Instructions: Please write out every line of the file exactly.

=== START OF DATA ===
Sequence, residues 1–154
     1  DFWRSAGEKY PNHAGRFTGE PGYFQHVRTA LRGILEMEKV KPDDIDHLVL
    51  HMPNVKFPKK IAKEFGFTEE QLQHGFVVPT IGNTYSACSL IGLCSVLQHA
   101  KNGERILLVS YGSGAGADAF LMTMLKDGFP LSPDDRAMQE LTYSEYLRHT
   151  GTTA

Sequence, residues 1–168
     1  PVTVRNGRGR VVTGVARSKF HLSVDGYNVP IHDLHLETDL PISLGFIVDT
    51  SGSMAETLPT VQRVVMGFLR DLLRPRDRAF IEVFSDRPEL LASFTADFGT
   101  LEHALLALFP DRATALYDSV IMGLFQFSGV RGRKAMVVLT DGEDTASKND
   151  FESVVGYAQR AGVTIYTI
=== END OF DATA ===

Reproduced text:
Sequence, residues 1–154
     1  DFWRSAGEKY PNHAGRFTGE PGYFQHVRTA LRGILEMEKV KPDDIDHLVL
    51  HMPNVKFPKK IAKEFGFTEE QLQHGFVVPT IGNTYSACSL IGLCSVLQHA
   101  KNGERILLVS YGSGAGADAF LMTMLKDGFP LSPDDRAMQE LTYSEYLRHT
   151  GTTA

Sequence, residues 1–168
     1  PVTVRNGRGR VVTGVARSKF HLSVDGYNVP IHDLHLETDL PISLGFIVDT
    51  SGSMAETLPT VQRVVMGFLR DLLRPRDRAF IEVFSDRPEL LASFTADFGT
   101  LEHALLALFP DRATALYDSV IMGLFQFSGV RGRKAMVVLT DGEDTASKND
   151  FESVVGYAQR AGVTIYTI